Journal of Public Health Policy

, Volume 37, Supplement 2, pp 145–153 | Cite as

Digital technology, population health, and health equity

  • James Chauvin
  • Laetitia Rispel


Notwithstanding major progress during the Millennium Development Goal (MDG) era, the global challenges of health inequalities, complex disease burdens, and weak health systems remain.1,2 In the past decade, several authors have pointed to the potential and power of digital technology (DT) to address some of these challenges.3 5 The health care system is replete with examples about the use and impact of digital technologies on human health, ranging from magnetic resonance imaging, personal electronic health cards, through to nanotechnology and genomics. The focus of many of the DT applications, however, tends to be on individual health and personalized medicine, on patients (once the person needs a medical intervention or health care service), about how digital technologies are revolutionizing the delivery of diagnostic and treatment services, and to help those within the health care system make better clinical and cost decisions.6 9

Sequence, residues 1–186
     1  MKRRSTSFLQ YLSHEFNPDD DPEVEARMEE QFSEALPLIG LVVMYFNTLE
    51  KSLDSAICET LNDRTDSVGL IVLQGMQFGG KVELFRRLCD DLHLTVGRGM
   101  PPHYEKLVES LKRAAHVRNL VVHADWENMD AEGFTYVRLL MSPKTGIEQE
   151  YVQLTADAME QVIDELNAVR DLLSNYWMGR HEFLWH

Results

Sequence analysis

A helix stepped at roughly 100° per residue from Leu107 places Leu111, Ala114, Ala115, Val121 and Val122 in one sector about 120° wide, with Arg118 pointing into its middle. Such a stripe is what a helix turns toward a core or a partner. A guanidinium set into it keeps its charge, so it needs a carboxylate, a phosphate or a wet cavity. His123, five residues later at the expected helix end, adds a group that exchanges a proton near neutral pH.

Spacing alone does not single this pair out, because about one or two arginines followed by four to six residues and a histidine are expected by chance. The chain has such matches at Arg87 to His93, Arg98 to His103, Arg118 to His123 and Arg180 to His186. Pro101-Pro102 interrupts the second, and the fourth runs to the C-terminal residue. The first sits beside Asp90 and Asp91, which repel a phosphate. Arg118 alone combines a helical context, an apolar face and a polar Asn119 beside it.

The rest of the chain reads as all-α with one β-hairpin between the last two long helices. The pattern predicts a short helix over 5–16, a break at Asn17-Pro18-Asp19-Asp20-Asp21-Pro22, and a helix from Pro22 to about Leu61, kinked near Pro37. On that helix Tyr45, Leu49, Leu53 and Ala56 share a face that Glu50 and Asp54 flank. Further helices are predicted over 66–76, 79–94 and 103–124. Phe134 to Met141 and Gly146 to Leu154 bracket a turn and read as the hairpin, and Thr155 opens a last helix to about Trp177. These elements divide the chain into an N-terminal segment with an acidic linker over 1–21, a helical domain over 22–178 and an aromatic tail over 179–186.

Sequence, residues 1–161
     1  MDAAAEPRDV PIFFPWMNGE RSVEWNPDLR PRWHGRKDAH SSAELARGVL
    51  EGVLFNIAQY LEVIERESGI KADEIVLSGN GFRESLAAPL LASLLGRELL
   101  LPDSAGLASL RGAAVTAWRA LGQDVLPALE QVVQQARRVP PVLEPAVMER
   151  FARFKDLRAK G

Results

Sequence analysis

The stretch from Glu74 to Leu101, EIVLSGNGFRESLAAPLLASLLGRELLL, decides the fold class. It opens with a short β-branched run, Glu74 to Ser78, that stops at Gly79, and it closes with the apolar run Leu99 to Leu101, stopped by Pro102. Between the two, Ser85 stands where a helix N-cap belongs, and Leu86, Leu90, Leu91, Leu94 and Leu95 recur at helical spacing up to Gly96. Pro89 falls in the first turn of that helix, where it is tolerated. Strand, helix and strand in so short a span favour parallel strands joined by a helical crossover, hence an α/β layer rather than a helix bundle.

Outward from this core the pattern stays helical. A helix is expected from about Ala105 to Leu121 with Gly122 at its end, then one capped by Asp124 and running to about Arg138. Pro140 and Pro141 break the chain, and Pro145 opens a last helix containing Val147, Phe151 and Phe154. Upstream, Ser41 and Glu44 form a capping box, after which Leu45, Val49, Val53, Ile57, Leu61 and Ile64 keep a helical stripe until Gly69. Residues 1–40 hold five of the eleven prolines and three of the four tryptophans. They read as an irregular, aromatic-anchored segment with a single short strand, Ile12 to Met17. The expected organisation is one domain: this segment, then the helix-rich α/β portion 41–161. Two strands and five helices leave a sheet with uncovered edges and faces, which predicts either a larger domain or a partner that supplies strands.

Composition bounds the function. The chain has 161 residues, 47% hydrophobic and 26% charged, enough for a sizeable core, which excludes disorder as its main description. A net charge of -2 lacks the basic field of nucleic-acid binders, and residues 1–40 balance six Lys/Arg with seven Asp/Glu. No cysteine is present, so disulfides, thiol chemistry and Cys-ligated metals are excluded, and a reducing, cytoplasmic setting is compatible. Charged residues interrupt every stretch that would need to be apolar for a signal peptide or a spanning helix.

In contrast, there was until recently a dearth of information about the extent to which and how digital technologies have been used within the realm of public health, as a means of preventing disease and injury and promoting/protecting health, and the benefit of such technologies in terms of population gains in health and health equity. In early 2014, the World Federation of Public Health Associations (WFPHAs) conducted a literature review, and found that none of the articles on DT assessed the impact of its use on population health outcomes, nor did they take into consideration the impact of the social determinants of health on the uptake, use, and effect of DT on human health, nor on health equity. The WFPHA’s interest in the use of DT in public health and its potential impact on human health was influenced by the work of its member organizations, the revision and preparation of the WFPHA’s strategic plan in 2013, and the intention to use information, communication technologies (ICT) to improve its own advocacy effectiveness, and knowledge about several innovative applications of DT within the health sector.4,5,10,11